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How to Build Your Self-Confidence in Dance Class

Do you want to dance with more confidence? You should!

No matter how clean your pictures or how ~textured~ your moves are, you will not “slay,” “kill,” or “murder” anything unless you dance with more confidence.

The most captivating dancers are those who look comfortable in their own bodies and really commit to their performance.

So, how do you develop that confidence, then use it in your dancing? Check out these tips to help you dance with more confidence!

1. Name What You Love About You

Find the things that you love as your best qualities, and even call them out verbally while you look at your reflection, Diamond says. It's all about seeing what you do have, rather than focusing only on what you don't, says Tina LeBlanc, ballet master at San Francisco Ballet and a veteran teacher who has been vocal about her own struggles to accept her body as a performer. "I knew I couldn't change my proportions—I never had much of a waist or long legs—but I had speed and technique."

2. Learning New Choreography Makes You Feel Good

Once you start attending dance classes, there will be a lot of new steps to learn. Now, it won’t be easy in the beginning, especially if you’ve never danced before and you’re just starting out. However, as time goes on, you’ll notice how your dancing skills improve as you learn more and more new steps.

After a while, you’ll know a bunch of steps, and as we all know, learning and remembering the whole choreography is no easy task. So, once you get a hold of the new things you learn, you’ll feel much more capable, and this new sense of achievement will only increase your motivation for learning new steps so you can dance even better.

3. Focus On How You Feel

Trying to conform to a certain look for an audition can backfire if it makes you feel insecure. "You see people book jobs by wearing the crop top and briefs, so you think you have to, but that's not what makes me comfortable enough to dance my best," says Traci Swartz, a performer in Los Angeles who also works at a talent agency. "Now, I wear what makes me feel amazing."

Being confident is also enjoying the feeling of your body within the movement. "Let go and the audi­ence will enjoy it too," says LeBlanc. "I wish I would have danced my whole career like I did in my final performance, when I was no longer trying to be perfect."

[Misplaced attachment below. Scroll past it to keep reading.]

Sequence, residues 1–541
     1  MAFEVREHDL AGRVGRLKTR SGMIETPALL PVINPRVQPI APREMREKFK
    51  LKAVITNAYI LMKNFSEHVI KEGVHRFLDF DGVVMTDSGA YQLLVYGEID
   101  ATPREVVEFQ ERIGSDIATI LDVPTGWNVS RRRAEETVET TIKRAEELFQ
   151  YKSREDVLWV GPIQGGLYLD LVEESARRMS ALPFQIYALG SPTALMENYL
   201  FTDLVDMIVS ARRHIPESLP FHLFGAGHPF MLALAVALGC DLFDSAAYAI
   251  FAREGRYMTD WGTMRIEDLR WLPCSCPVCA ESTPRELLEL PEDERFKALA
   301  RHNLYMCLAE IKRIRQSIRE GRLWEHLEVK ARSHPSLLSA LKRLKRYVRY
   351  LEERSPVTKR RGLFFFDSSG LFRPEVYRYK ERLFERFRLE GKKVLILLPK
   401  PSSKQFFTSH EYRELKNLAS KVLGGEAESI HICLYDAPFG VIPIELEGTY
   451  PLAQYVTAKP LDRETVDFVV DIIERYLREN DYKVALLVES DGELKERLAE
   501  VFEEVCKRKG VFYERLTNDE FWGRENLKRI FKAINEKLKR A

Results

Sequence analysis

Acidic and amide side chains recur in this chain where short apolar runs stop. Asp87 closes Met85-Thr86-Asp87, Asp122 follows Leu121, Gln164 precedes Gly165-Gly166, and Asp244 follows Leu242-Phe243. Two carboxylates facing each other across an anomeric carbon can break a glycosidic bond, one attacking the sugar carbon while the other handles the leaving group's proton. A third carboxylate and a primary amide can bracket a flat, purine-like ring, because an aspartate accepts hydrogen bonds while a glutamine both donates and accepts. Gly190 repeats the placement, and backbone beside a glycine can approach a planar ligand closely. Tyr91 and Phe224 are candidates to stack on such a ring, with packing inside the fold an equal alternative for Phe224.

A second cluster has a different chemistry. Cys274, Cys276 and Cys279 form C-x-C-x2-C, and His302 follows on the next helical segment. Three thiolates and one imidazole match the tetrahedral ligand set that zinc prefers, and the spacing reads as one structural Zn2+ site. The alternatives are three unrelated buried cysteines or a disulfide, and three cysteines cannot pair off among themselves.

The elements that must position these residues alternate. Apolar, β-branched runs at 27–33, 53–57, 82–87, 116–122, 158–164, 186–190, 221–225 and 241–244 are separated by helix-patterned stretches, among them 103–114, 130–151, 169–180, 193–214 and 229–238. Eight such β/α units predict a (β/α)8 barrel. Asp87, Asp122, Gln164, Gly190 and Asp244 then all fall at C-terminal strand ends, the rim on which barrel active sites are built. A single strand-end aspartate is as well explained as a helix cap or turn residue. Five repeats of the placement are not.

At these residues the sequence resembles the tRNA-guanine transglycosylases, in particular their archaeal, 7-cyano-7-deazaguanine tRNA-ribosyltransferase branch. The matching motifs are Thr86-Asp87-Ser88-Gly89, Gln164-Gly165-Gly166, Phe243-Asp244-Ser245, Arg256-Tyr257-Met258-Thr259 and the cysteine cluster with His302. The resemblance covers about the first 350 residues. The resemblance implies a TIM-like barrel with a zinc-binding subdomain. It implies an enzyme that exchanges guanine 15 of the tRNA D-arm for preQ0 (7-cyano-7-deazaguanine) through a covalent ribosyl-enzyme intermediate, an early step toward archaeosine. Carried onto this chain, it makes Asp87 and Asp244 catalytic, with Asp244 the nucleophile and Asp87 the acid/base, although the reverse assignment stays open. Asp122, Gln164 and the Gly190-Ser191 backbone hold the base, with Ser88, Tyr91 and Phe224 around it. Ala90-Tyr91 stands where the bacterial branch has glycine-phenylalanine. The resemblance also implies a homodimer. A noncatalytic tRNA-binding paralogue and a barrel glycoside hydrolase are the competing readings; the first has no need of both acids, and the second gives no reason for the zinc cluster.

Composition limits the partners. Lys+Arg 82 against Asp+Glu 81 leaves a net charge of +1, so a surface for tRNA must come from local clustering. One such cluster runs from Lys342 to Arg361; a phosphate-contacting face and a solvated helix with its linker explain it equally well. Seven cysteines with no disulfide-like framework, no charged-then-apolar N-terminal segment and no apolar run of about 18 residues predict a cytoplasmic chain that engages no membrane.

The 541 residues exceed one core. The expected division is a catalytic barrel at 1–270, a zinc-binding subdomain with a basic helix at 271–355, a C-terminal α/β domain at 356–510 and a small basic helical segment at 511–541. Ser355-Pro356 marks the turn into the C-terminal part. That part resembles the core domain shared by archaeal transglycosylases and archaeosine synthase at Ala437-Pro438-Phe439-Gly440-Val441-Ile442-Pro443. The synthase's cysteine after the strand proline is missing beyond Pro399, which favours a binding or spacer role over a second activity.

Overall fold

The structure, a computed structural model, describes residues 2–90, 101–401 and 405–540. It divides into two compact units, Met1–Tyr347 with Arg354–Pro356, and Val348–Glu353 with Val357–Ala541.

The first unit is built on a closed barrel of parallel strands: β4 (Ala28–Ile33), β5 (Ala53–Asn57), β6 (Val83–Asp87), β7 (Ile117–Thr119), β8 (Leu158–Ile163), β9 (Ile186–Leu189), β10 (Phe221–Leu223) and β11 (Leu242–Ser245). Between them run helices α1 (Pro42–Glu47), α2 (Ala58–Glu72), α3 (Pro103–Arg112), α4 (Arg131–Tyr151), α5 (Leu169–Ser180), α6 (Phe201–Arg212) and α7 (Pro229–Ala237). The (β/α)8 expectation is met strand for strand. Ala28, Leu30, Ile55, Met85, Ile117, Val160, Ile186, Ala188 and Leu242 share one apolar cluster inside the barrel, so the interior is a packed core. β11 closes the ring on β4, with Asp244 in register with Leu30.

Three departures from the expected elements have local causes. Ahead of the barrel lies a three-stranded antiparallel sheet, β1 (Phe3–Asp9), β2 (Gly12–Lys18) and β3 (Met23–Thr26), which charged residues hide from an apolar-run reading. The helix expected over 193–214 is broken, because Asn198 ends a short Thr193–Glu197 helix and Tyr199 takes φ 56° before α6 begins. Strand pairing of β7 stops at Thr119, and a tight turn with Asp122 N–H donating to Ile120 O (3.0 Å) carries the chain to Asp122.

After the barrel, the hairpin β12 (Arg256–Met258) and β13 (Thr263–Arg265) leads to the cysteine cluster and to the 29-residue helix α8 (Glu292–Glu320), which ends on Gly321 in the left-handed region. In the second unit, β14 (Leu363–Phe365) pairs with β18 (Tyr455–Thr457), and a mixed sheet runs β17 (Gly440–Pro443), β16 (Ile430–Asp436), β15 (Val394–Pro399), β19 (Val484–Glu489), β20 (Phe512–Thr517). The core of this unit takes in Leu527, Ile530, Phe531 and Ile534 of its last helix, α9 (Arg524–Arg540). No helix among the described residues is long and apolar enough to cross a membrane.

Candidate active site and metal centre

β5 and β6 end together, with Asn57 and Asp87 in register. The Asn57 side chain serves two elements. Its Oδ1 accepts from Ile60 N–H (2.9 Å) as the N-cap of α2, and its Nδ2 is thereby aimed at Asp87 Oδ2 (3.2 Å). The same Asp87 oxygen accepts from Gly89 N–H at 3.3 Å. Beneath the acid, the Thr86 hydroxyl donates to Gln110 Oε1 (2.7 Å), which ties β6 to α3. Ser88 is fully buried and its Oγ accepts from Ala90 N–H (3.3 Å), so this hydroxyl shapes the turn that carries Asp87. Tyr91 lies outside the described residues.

4. Be Grateful for What Your Body Can Do

When you're zeroed in on one flaw, it's easy to forget all the amazing things our bodies are capable of. Remind yourself what a feat it is to extend your leg past your ear or pull off a clean triple pirouette. Some dancers only learn this lesson after an injury or a leave of absence.

"I've seen many dancers come back after having children with more perspective and balance about their body image," says Diamond.

5. Focus on Your Goal, One Step at a Time

Stopping the vicious cycle of self-doubt begins with the realization that your identity (and worth) is not pinned to how you dance in class or onstage. Learning to not take feedback personally is key, says Goonan. “Corrections are not an attack on who you are,” he says. “If you can think of them as being about what you’re doing, rather than about you, it creates better health.”

Ringer notes that the student/teacher relationship is not a passive one, and that you should both ultimately want the same thing: to make you a better dancer. “You don’t just come to class to receive corrections and be told what’s good or bad,” she says. “You go into it as a partnership, with your own goals as well as the teacher’s. It’s important to feel like you’re on the same path.”

Reining in perfectionism can help, too. Virginia Johnson, artistic director of Dance Theatre of Harlem, says that the trick is to balance reality against the ideal. “The ideal is something you use as your compass, but it’s not actually possible to attain,” Johnson says. She advises dancers to measure their goals with what they are equipped with to get there. “Polish your strengths so they’re the center of attention, and know what can and can’t be done to change your weaknesses.”

Summoning up the courage to risk failure is another step in building self-confidence, and it takes practice. But knowing that you’ve pushed yourself out of your comfort zone will give you a well-deserved boost, along with the resiliency to try again. “It’s about giving yourself value,” says Ringer. “You’re worth it to try, and even if it’s not perfection, you’ve accomplished something.”

Bromberg’s turning point came when she realized that acknowledging her weaknesses didn’t mean giving in to them. Setting her own goals, instead of worrying about how she measured up to others, helped her reignite her ambition and overcome her reliance on positive messages to feel good. Progress, she realized, comes in increments, so she set more realistic goals that she could build upon over time. “Trying your best doesn’t mean nailing every turn or jump, but doing and giving everything you can on any given day.”

In the topsy-turvy dance world, even the most self-assured principals are dealt disappointing blows. Ultimately, the key to regaining your confidence after the inevitable setbacks is remembering what’s driving you to dance in the first place. Without your own passion as your anchor, you become too dependent on other people’s approval to feel good. “The ballet world is so fickle,” says Ringer. “There are huge highs and huge lows, on an hourly basis. It’s important to have a solid sense of self that can ride out the ups and downs.”

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